- 0Oct 19, '11 by cox6619Okay everyone out there I need some help!!! I have been a RN graduate since Dec 2010 and I still have not been able to find a job. I graduated with my ADN in Massachusetts and moved to Texas shortly there after. I have applied to over 200 positions since March and I haven't really gotten a bite yet. I have either been told that I do not have enough experience or my education isn't sufficient. Well, if I would of stayed in Massachusetts I would had a job already. Everyone in my graduating class has a job except for me. Personally I blame Texas! LOL. Now don't get me wrong I LOVE Houston, I grew up here, but the job market for an ADN is atrocious. I have applied to Internships, clinics, hospice, home health, etc,etc,etc.... I have revamped my resume, gone to hiring events and I even have connections in some of the hospitals, but it always seems to come back that I do not have a BSN. I was hoping anyone out there might have some advice or tips that I may have not tried or have missed. I am pursuing my BSN at the moment and I will finish in Dec 2012, but I would love to get some experience in the meantime!!!! So anyone out there that could possibly point me in the right direction I would greatly appreciate it....
- 0Oct 19, '11 by sjalvAs strange as it seems, bigger cities (like Houston) seem to have less job opportunities. I'm a nursing student in a mid-sized Oklahoman town (Muskogee, 40k people) that has 2 hospitals, and both have multiple positions open for charge nurses, RNs, and NPs. The home health agencies I have checked are also hiring RNs. That's not counting hospitals in surrounding towns or cities like Tulsa.
- 0Oct 20, '11 by MarteIm in south texas in mcallen. Dry oh so dry. No jobs in hospitals. Few patients. Home Healths are closing down and those nurses used to getting 80 grand are now applying at hospitals for a little over half as much. Those of us that work in the hospital are getting sent home and we r losing so many hours. Then there is this hospital which has a nurses union and they are picketing for better and safer nurse patient ratios. I dont blame them. Spillover violence from our neighbors in Mexico is keeping SnowBird people away. I cant blame them ether. Oh well, thats McAllen Yall!
- 2I am so sorry you are struggling. Culture shock plus no job has to stink.
Scott and White have opened up their new grad internships. They are a couple of hours north of you. Smaller towns (more than an hour from big cities and that are NOT a suburb of said cities) are hiring more than big city/suburban hospitals at this time. A lot of graduates from the class previous to mine found work in Sherman, a couple in Wichita Falls, a couple in Tyler. I would suggest you start looking all over Texas and get geared up for another potential move to a smaller town. Hopefully you are doing your BSN bridge online so a move won't shake that up too much. If not, perhaps that potential is there.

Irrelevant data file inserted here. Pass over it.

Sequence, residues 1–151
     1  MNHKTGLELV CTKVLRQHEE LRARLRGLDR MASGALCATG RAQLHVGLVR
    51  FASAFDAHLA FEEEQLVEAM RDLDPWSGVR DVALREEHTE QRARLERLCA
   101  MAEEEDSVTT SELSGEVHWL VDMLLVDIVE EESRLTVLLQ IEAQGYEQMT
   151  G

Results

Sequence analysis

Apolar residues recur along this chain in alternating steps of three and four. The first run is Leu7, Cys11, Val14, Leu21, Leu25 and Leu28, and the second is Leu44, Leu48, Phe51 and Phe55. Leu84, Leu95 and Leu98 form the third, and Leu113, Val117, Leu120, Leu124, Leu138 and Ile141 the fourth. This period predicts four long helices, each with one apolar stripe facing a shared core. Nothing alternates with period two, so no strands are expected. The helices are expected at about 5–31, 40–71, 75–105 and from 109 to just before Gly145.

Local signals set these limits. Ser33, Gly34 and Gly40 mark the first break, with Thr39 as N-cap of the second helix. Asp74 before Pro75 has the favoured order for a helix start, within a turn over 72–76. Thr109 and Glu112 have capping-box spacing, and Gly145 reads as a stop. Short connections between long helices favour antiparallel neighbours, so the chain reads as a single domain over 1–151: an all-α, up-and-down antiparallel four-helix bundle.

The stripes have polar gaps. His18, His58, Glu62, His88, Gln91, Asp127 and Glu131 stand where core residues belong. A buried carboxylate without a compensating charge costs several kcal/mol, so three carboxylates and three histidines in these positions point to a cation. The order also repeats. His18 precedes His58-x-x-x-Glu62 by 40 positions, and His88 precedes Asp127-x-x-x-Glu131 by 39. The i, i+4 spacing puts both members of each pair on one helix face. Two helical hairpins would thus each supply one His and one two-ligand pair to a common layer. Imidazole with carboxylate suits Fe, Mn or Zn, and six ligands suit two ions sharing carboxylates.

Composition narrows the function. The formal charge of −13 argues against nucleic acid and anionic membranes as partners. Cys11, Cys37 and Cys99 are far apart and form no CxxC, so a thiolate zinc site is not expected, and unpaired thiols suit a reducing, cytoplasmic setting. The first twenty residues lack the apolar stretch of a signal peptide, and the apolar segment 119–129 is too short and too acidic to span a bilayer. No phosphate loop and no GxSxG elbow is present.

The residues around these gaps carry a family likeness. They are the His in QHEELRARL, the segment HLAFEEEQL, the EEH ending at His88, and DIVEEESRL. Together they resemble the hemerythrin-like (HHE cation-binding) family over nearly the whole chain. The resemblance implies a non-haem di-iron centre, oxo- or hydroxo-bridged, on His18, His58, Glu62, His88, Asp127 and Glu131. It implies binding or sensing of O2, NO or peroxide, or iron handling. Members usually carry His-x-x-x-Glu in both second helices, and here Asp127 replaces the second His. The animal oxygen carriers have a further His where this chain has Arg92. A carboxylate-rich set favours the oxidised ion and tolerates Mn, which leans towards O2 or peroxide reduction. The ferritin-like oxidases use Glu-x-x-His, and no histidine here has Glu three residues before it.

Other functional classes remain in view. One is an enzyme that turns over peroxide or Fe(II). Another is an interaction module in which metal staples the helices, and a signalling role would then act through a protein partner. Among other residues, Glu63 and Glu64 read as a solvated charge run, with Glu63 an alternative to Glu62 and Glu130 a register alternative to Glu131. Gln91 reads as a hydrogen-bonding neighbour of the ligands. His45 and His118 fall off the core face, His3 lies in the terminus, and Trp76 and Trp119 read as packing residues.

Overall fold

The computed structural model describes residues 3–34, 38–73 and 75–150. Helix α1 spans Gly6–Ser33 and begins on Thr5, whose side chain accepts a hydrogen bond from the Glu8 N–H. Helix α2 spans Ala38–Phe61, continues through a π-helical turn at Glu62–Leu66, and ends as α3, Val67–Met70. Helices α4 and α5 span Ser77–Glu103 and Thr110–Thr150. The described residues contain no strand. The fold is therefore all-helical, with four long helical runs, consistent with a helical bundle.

In a way I am glad you posted. This site seems to be flush with folks thinking Texas is the nursing promised land and it truly is not.
- 1Oct 20, '11 by TheCommuter Asst. AdminQuote from cox6619I blame the current economic situation for the problems that many nurses are having with local employment markets across the U.S. Prior to the economic meltdown of 2008, nursing jobs were extremely abundant in Texas, and new nurses could even get hired into coveted specialties such as the ER, ICU, and L&D. Now, the pickings are very slim in the major cities.Personally I blame Texas! LOL.
- 0Yep. And even in the less desirable specialties it is more who you know and what connections you have (and for some just dumb luck) than anything else. I recently was hired for an internship that starts this coming January. There were 600 some applicants. I was the only one they interviewed due to my connection to the hospital.
- 0Oct 20, '11 by melby87I'm sorry to hear about your luck. This is strange to me, not that there are no jobs, because there aren't many anywhere, but that in Texas you can't find one. I dont live there, but I thought LPNs/LVNs were big down there, so why wouldnt ADN nurses be? Try and apply anywhere they hire lots of LPNs and see if they take you there due to the fact that you have a higher degree.
- 0Quote from melby87LVN/LPN were phased out of the hospital setting in Texas a long time ago, just like most places. And the push in Texas hospitals in the major cities is for a BSN work force. Can you say where you are getting your information? Because this is just kind of bizarre.I'm sorry to hear about your luck. This is strange to me, not that there are no jobs, because there aren't many anywhere, but that in Texas you can't find one. I dont live there, but I thought LPNs/LVNs were big down there, so why wouldnt ADN nurses be? Try and apply anywhere they hire lots of LPNs and see if they take you there due to the fact that you have a higher degree.
- 0Oct 20, '11 by Marshall1I don't live in Texas but have family in the medical field that do & they are always trying to get me to relocated there. They are in the San Antonio area and the web sites and Sunday insert of newspapers they are always sending me it seems that area has a lot of jobs and the military hospitals there do hire non-military nurses. I have no idea of a BSN would be required at any of the medical facilities in that area but you can always look at indeed.com, monster.com, careerbuilder.com to name a few and see.